Copyright ©2007 NPR. For personal, noncommercial use only. See Terms of Use. For other uses, prior permission required.

FARAI CHIDEYA, host:

It's time now for StoryCorp Griot. Each Tuesday, we bring you story from this project that's recording black Americans across the country.

Today, we listen in to Johnnie Tyson and her niece, Sandra Fleming. The two of them sat down together during a StoryCorp stop in Little Rock, Arkansas. Here, Tyson talks to her niece honestly about growing up obese.

Ms. JOHNNIE TYSON (Resident, Little Rock, Arkansas): I was a 13-pound baby at birth. By the time I was 6 years old, I was weighing over a hundred pounds. When I was nine, I weighed 250 pounds. When I was 15, I weighed 329 pounds. And the only place I could weigh would be to go to the old Baptist Hospital and then weigh on those freight scales. And I didn't know how to work the scales. I always had to get somebody's help and then they'd go and rush to tell everybody come and look, you know? It was a sight when you see a 300-pound teenager - and particularly when I came along because I'm a child of the Great Depression.

Ms. SANDRA FLEMING (Johnnie Tyson's niece): How do you think your size affected your personality, too?

Ms. TYSON: Oh, yes. It's hard to describe how you feel. You feel so insecure. And everybody, for the most part, just laughed at me. Then I tried to grin and bear it. But it was just such a painful experience. And in the elementary grade, I don't think I had single teacher that I could truthfully say was just unkind.

But you could tell how they felt when there were little things to be done like maybe go in to those teachers' room or getting a glass of water. You were just kind of left alone. And you have to be extremely heavy before you understand what a painful situation it is. And I really believe it helps me to establish an empathy with almost any problem that people have that keeps them from being able to accept themselves as they'd like to.

Ms. FLEMING: Well, can I ask you what are you most proud of in your life?

Ms. TYSON: Let me put it like this: If you're wise, you accept life whatever it presents and make the best of it, unless you want to go nuts. I accepted whatever came. Some of it was pleasant, some of it was not. But I think the fact that I was able to accept it and move on and do as well as I did, is the thing that I'm proudest of.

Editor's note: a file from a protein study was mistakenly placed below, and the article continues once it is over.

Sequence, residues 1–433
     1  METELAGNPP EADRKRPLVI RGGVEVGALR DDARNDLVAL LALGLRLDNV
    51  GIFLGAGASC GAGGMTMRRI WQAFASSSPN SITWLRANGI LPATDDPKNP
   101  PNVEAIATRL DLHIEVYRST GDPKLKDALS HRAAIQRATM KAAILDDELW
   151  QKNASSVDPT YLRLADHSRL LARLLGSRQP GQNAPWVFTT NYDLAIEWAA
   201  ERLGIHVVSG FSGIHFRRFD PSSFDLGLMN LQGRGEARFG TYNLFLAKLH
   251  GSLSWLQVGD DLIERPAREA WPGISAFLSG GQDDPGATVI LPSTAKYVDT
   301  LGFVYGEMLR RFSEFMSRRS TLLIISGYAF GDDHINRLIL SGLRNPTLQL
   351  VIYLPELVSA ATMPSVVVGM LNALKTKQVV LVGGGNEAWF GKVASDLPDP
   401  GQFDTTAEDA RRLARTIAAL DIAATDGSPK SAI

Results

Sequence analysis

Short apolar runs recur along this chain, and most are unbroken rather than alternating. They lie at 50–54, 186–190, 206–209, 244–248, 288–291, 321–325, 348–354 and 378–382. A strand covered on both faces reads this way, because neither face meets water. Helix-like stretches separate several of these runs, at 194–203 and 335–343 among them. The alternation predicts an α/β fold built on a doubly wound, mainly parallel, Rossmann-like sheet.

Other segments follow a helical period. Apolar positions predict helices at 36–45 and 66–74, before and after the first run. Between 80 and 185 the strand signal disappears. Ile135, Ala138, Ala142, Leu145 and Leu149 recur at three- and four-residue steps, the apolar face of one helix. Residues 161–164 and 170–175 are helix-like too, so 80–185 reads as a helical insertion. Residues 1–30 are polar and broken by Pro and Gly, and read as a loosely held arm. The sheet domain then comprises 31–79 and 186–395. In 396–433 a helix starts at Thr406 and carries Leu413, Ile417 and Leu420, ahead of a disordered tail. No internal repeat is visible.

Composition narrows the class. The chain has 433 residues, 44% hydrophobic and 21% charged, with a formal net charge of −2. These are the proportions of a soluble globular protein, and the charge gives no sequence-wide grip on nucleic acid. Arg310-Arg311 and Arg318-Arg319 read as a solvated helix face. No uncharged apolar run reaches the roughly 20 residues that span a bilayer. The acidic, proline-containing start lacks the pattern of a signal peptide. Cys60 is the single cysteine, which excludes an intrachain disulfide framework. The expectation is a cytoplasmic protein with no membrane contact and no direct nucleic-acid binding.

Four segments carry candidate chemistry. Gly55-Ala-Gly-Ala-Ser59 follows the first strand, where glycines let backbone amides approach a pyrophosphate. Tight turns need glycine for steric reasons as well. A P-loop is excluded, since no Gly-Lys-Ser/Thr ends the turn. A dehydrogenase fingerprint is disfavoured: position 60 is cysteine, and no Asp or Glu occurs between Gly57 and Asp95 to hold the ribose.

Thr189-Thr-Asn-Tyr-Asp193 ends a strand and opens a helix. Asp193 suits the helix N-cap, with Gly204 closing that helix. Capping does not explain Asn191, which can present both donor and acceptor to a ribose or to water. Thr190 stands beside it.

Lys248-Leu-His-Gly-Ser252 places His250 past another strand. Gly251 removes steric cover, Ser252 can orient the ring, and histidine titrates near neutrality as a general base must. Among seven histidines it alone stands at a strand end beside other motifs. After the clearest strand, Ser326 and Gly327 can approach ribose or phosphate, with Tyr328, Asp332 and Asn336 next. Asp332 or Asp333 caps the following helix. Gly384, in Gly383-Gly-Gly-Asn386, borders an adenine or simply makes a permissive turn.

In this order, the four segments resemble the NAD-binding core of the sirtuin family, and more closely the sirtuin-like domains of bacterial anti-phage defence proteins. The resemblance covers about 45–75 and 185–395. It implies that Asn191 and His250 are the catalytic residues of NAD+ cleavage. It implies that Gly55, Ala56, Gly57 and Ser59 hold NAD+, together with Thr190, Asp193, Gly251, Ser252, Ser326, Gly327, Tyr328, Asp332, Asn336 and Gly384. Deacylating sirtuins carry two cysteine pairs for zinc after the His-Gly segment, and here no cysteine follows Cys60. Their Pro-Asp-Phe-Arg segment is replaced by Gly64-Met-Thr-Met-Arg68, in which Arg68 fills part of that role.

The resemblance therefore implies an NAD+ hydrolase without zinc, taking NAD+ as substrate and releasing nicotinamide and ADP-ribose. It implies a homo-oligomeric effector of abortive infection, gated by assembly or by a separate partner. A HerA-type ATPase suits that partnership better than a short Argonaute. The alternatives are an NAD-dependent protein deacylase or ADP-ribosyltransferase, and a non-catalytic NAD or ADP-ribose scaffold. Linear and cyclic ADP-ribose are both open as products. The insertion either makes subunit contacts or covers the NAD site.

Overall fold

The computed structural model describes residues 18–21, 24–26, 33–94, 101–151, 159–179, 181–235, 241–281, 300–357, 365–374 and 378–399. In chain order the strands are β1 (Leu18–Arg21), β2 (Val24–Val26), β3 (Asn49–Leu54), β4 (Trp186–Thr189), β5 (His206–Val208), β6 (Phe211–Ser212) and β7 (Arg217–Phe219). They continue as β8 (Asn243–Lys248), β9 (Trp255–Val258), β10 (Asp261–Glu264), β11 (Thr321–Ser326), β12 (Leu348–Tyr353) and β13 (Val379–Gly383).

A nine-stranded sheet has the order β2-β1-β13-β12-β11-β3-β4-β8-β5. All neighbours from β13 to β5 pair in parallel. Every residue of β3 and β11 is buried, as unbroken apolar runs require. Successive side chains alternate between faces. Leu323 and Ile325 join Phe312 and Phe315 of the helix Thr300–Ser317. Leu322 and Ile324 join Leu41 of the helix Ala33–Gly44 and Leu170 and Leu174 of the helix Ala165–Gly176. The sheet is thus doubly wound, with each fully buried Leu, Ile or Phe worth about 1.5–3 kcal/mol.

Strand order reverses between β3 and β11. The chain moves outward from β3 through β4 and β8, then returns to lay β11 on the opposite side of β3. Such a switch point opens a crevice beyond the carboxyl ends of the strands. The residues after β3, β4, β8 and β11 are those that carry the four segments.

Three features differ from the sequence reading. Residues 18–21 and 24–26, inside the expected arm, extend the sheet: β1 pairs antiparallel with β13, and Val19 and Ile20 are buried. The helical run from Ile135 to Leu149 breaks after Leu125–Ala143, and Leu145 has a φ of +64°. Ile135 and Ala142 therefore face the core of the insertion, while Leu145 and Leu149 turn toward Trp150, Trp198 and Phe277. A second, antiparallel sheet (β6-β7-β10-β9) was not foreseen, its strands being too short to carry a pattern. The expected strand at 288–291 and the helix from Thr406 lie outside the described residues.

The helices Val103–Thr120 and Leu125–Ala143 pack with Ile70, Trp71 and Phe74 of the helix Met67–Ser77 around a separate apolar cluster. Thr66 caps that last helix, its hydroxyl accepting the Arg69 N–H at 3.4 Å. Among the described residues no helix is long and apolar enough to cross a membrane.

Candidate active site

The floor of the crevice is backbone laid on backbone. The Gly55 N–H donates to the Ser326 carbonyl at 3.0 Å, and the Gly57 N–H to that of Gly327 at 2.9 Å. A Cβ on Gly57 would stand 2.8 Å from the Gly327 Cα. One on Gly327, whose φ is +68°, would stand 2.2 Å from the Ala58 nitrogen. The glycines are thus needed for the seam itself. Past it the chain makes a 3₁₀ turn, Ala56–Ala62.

CHIDEYA: Johnnie Tyson is 82 years old now. She went on to work as an educator for nearly three decades. She was interviewed by her niece Sandra Fleming.

The StoryCorp Griot booth is currently in Mississippi. All the Griot initiative recordings are archived at the Library of Congress. A copy of each interview will also go to the National Museum of African-American History and Culture in Washington, D.C.

To find out how to record your interview and to hear more from StoryCorp Griot, got to our Web site, nprnewsandnotes.org

Copyright © 2007 NPR. All rights reserved. No quotes from the materials contained herein may be used in any media without attribution to NPR. This transcript is provided for personal, noncommercial use only, pursuant to our Terms of Use. Any other use requires NPR's prior permission. Visit our permissions page for further information.

NPR transcripts are created on a rush deadline by a contractor for NPR, and accuracy and availability may vary. This text may not be in its final form and may be updated or revised in the future. Please be aware that the authoritative record of NPR's programming is the audio.

Comments

 

Please keep your community civil. All comments must follow the NPR.org Community rules and terms of use, and will be moderated prior to posting. NPR reserves the right to use the comments we receive, in whole or in part, and to use the commenter's name and location, in any medium. See also the Terms of Use, Privacy Policy and Community FAQ.

Support comes from: